Choosing a destination
On receipt of a new student enquiry, our local team based in Melbourne will work with the student to help them choose the best program to suit their clinical interests, objectives and university requirements.
Based on information provided by our Operations teams and in-country management teams, we provide detailed advice on the destination, hospital and individual departments to assist the student in making an informed decision.
Following a student’s registration onto the program, we will then allocate them a dedicated Operations Manager and Operations Administrator who oversee their entire placement preparation, ensuring that the student feels ready for their experience overseas.
Each student receives a welcome call from our Operations Administrator within two days of registering. The focus of this call is to talk students through the pre-departure process and answering any initial questions they may have.
CLINICAL INTEREST CALL
Two to three months before departure, the Operations Manager (OM) allocated to the student conducts a Clinical Interest call with the student. During this call, the OM sets expectations for the placement and gets a thorough understanding of the student’s clinical interests, university requirements, and department preferences — the placement/departments will then be finalised.
Finally, a pre-departure call takes place in the week before the student arrives in the country. This call is to answer any last-minute questions the student may have and to ensure the student is 100% prepared.
Students also get access to MyTrip - their customised online placement planner. MyTrip has an interactive timeline that displays each preparatory step in the run up to their trip. The planner includes information about:
- Their placement hospitals
- The Work the World house
- Who their housemates will be
- Packing lists
- Advice on visas, travel/health insurance and malpractice insurance
- Language guides and videos
- Local cultural information
When the student lands at the local airport, a member of our team will be waiting to meet them. Then, they will:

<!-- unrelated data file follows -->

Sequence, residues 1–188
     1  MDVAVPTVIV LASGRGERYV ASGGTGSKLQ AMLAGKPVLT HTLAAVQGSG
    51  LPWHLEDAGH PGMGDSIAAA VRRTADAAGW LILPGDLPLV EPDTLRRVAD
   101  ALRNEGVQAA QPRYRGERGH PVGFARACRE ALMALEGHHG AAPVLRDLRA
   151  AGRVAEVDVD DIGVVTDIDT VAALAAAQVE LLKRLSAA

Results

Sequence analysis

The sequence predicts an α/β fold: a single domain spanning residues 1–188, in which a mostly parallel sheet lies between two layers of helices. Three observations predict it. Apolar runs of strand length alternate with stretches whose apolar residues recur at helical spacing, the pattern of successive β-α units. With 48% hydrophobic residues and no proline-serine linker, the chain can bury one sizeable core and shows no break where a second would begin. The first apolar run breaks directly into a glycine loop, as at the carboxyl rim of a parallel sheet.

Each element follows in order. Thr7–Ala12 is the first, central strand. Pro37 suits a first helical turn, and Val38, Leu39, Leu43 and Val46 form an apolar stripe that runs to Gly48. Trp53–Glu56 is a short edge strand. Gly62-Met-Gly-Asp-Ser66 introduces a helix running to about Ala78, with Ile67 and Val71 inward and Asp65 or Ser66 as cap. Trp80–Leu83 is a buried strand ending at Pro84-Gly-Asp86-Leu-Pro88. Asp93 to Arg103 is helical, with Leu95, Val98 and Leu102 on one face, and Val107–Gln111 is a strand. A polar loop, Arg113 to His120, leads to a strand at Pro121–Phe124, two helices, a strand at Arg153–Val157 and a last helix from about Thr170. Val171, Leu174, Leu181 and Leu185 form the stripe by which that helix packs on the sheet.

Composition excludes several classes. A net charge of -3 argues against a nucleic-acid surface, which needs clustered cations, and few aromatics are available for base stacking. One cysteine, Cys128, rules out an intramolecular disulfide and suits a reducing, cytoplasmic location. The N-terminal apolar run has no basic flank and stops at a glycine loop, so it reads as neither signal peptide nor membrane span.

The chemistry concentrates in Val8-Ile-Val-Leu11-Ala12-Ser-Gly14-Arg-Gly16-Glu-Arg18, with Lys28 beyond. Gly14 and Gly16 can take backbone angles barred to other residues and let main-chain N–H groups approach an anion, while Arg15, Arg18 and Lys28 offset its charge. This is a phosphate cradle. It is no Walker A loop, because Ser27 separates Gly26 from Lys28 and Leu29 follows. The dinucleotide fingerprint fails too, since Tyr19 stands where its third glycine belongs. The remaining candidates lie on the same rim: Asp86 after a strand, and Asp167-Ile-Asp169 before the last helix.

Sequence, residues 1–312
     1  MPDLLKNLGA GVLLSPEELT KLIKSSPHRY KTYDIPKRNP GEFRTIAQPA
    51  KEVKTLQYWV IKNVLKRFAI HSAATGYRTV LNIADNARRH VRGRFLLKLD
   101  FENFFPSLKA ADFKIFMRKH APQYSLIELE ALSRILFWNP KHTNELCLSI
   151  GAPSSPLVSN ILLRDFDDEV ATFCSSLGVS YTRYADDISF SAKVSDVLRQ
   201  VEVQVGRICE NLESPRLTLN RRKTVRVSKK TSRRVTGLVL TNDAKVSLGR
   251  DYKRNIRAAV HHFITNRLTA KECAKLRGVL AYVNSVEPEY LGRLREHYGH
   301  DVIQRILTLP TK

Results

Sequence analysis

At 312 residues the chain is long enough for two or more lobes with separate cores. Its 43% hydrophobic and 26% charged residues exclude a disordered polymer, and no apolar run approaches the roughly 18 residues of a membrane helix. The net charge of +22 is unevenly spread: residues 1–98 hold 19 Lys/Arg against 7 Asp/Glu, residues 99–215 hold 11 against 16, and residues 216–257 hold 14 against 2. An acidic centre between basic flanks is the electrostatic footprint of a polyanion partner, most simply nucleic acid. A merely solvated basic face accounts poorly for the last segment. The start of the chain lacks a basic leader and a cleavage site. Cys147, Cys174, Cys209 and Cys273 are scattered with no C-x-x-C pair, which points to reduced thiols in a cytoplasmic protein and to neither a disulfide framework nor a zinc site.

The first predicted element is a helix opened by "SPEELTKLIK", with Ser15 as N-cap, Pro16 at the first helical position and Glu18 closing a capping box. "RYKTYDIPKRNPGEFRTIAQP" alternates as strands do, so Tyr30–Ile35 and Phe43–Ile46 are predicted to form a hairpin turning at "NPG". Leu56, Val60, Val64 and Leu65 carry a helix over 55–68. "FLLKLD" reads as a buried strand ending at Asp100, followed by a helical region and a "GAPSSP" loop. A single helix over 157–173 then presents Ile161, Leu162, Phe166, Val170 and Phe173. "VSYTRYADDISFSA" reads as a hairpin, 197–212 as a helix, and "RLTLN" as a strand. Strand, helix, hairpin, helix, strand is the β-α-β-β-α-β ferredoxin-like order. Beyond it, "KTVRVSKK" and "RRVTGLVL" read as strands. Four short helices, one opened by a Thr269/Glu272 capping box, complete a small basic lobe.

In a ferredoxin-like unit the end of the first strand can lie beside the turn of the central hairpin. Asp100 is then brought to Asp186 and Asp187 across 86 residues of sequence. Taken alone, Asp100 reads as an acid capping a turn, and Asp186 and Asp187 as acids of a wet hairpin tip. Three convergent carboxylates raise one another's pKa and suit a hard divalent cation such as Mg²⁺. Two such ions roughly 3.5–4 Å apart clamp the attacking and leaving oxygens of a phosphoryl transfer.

- Travel together to the Work the World house
- Meet the rest of the Work the World staff and their new housemates
- Eat a home-cooked welcome meal
- Receive a full welcome briefing
- Go on a full city orientation with the local team where they’ll learn where to find all local amenities and the most reputable places to change money
- Get informal daily debriefs
- Get formal documented weekly debriefs
The in-country team exist to provide the student with 24/7 support as and when they need it. Students who exhibit greater independence have freedom to do so.
We have a designated Program Manager in each of our destinations. They manage the rest of the local team and are responsible for every aspect of the students’ experience.
Each and every one of our Program Managers are exceptionally well qualified, with backgrounds in travel and tourism, healthcare, or both. The Program Manager is a demanding role, so we only employ candidates of the highest caliber.
The Assistant Program Manager is the direct assistant to the Program Manager, and together they run our programs in-country. They both help forge and maintain the close hospital relationships that set us apart as an organisation. These relationships give us access to a breadth of hospital departments, allowing us to customise placements to each students’ goals.
This management team operates from offices found in each Work the World House. They are a familiar, friendly and reassuring presence for the students. The underlying goal of everything our management teams do is making sure the student has the most fulfilling experience possible.
"The Work the World team in Tanzania were absolutely amazing! They always made sure we were safe and gave us advice when we were planning our weekend trips. Often, after a really hard day on placement, they would debrief with us, making sure we were okay and continue to talk to us about it." Kaylah Jones, Griffith University
Support in the placement hospital
Before the student’s placement starts, they receive a full hospital orientation and department introduction. We do this so students can get a sense of the environment and meet the staff before their placement starts.
Each student also receives in-hospital supervision from hospital staff to help align them with local ethical considerations. For example, a supervisor can help ensure that any hands-on/practical involvement is at a level appropriate for the students’ experience.
Village Healthcare Experiences
A Village Healthcare Experience adds invaluable perspective to the city-based placement. At the end of their placement, students can spend a week living in a rural village. In the mornings, they spend time in a local health outpost, learning the unique challenges local staff face while delivering care in a rural setting.
In the afternoons, they take part in activities like island hopping, swimming in waterfalls, and hiking to mountain temples with an official Work the World guide and interpreter.
Intensive Spanish Courses
If your students choose to travel to Mexico, they can undertake our week-long Intensive Spanish Course before they start their hospital placement.
This 30-hour course is designed to help your students brush up on their conversational Spanish and teach them clinical words and phrases that will enrich their experience in their placement hospital.